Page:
Customers will always find low prices in Decathlon stores, not just during sales season. It finds simple solutions and saves on non-essential costs, from production facilities to their retail points, in order to provide the best technology at the lowest price.

PROMISES TO CUSTOMERS:

Decathlon provides products for more than 40 sports, an extensive range of more than 4,000 products to address the needs of beginners, intermediate and professionals. Globally, the  range of products is close to 10,000, so the availability of products in India will increase over time.

A UNIQUE SPORTS EXPERIENCE:

They believe the joy of sport should be experienced without any delay. Customers can try bikes, skates, apparel products, etc. in the store and on the playground located next to each store. Customers can also participate in events and workshops we organize.

Decathlon became the first sports goods retailer to invest in single-brand retail trading in India last year after it got approval for 100% foreign direct investment (FDI) in the format. It has committed Rs.700 crore to open stores in the next five years—this at a time when latent demand for local and international sporting goods is seen to be picking up in the country.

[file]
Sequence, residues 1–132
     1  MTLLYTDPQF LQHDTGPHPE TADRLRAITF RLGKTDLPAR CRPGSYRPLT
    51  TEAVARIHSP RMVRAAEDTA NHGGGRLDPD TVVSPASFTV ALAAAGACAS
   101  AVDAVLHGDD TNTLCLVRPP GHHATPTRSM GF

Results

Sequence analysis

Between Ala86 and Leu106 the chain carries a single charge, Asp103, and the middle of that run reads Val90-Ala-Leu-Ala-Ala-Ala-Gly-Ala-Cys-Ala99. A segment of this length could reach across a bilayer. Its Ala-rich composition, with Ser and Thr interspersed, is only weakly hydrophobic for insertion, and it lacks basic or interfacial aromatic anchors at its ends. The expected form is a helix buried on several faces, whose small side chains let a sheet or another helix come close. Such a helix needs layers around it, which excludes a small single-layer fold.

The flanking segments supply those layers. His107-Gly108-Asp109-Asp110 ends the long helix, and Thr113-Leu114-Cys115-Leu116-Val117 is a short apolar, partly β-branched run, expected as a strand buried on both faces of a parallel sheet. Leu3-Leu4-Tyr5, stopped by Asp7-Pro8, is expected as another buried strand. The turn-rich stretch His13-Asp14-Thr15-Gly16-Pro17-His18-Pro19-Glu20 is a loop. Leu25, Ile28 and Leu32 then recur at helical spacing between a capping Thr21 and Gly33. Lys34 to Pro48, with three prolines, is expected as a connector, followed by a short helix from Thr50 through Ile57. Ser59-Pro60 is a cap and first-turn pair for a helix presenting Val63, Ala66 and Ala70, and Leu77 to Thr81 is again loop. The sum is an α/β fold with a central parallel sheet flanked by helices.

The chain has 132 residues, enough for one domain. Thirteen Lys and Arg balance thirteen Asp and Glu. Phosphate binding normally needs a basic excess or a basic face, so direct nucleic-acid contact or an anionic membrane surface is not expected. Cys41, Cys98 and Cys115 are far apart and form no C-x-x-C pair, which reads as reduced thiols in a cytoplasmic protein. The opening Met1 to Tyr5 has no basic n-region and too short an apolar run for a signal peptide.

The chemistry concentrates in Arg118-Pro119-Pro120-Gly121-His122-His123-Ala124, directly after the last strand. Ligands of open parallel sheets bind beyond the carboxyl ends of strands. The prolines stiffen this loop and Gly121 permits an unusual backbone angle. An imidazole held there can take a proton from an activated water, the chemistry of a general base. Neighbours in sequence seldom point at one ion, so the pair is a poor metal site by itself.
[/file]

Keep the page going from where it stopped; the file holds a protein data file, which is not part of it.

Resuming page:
Corporate spending on sports tournaments, such as Indian Premier League, the Hockey India League and the Indian Badminton League (IBL), have surged over the past five years, creating latent demand among consumers, which will stimulate these sports at home. “India is an exciting time for us and for sports there is a huge potential. Cricket is a classic sport, but other sports such as precision sports are also very developed,” said Dykes, adding that the younger consumer's knowledge and interest in international sporting events—football, for instance—is pretty encouraging.

Serving goods to a sports-savvy nation, Decathlon has had to make modifications along the way—increasing its inventory of cricket equipment, for instance. However, for the French retailer, which is present in 20 countries with over 720 stores, demand for non-cricket sporting goods such as cycling, archery, fishing, tennis, rollerblading and running equipment is significantly high, said Dykes, a former professional soccer player.